The vast archives of the Center for American History at the University of Texas include the papers of TV newsman Walter Cronkite, the records of Exxon Mobil Corp. and more than 5 million photographs of everything from cowboy life to the Vietnam War. Until now, hardly anyone knew the center's holdings also include 700 feet of boxes of materials related to the case of Timothy McVeigh, the decorated Gulf War veteran and government hater who was executed in 2001 for bombing the federal building in Oklahoma City. Transcripts, FBI reports, correspondence, videotapes, photographs and other materials were donated years ago to UT by McVeigh's lead counsel, Stephen Jones of Enid, Okla., but the existence of the archive did not come to light publicly until a federal court ruled this month the lawyer could not take a charitable tax deduction for the gift. The archive, consisting of defense materials as well as copies of prosecution materials that were shared with McVeigh's team, is likely to prove a treasure trove for academic researchers, conspiracy theorists and those merely curious about the April 19, 1995 attack that killed 168 persons. "How come we haven't told anyone about it?" asked Don Carleton, director of the Center for American History. "We were faced with a situation of: 'How do you promote the existence of the research archive without seeming to be insensitive to victims' families?' We didn't want to make this appear in any way like a celebratory kind of thing. "We just decided to preserve the collection and kind of sit on it. It's open to the public. Some congressional investigators have looked at it."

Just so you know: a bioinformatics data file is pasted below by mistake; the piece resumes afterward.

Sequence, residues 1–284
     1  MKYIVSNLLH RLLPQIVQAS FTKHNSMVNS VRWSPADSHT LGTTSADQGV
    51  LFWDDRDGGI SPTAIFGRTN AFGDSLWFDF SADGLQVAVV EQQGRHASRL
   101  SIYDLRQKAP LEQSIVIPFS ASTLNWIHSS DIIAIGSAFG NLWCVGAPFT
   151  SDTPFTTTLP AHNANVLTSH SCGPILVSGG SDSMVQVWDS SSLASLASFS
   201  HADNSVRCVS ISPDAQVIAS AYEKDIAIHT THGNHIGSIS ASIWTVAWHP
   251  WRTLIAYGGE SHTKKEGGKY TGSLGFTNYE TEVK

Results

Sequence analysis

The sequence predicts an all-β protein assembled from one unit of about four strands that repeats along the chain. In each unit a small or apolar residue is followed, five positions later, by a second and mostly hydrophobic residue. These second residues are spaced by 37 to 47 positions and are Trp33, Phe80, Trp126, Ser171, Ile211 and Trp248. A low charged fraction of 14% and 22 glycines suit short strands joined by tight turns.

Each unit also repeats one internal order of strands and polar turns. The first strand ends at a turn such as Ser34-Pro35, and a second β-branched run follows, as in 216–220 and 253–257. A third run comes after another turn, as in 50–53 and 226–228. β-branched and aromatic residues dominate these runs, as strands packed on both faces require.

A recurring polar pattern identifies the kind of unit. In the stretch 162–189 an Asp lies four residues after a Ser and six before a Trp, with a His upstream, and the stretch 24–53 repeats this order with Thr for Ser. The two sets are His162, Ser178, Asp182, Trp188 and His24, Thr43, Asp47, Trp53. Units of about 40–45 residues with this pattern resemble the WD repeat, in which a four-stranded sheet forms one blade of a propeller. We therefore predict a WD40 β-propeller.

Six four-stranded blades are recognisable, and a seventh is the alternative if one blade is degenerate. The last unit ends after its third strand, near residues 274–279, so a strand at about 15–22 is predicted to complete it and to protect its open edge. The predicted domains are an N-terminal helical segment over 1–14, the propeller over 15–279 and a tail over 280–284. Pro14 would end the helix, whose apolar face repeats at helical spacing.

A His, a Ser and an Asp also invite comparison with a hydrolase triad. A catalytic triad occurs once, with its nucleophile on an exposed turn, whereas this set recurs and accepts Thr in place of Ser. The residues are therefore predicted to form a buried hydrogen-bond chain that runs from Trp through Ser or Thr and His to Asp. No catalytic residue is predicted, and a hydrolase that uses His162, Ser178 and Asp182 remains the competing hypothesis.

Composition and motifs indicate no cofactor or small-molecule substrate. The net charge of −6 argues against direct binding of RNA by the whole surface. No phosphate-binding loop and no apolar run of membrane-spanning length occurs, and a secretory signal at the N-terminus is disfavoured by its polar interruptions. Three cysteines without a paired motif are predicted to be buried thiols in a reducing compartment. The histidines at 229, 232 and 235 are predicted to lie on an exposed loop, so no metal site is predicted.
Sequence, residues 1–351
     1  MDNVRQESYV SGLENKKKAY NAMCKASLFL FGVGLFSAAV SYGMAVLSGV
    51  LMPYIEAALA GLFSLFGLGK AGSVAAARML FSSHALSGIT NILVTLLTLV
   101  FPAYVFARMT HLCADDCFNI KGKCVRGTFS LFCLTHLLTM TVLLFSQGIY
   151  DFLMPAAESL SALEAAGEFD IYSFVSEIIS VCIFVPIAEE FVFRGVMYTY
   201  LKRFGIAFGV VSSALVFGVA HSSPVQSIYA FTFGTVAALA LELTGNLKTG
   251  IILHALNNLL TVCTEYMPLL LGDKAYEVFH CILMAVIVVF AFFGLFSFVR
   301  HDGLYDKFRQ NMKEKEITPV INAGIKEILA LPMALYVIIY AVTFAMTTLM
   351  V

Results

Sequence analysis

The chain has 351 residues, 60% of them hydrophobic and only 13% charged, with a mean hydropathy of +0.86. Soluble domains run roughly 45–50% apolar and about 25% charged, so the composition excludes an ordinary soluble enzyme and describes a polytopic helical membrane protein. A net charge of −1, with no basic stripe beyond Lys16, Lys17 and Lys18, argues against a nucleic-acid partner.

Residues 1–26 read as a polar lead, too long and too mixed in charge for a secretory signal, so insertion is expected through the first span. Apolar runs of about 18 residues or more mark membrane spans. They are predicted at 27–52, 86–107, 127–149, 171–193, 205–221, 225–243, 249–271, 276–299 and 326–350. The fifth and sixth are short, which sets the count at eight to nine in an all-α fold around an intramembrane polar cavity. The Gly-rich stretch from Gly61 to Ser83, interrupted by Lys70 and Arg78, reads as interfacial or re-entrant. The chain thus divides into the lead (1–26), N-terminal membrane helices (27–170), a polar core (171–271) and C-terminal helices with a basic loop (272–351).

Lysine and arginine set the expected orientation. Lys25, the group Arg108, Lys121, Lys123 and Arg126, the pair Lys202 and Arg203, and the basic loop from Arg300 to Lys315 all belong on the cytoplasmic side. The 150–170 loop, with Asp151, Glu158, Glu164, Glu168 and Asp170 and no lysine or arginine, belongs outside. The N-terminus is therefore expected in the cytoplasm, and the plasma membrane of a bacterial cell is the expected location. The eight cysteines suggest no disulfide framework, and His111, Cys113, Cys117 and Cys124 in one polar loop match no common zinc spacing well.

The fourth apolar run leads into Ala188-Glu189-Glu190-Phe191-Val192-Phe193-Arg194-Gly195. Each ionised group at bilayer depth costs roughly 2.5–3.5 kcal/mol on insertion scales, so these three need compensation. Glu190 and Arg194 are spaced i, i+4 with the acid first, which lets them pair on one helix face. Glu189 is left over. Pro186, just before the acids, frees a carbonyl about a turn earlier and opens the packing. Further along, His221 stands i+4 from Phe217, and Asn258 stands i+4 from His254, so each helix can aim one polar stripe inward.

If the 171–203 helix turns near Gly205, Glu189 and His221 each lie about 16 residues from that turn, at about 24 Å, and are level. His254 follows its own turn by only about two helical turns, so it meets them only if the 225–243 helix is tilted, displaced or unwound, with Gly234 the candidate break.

Cox News Service
Texas Center Holds McVeigh Archive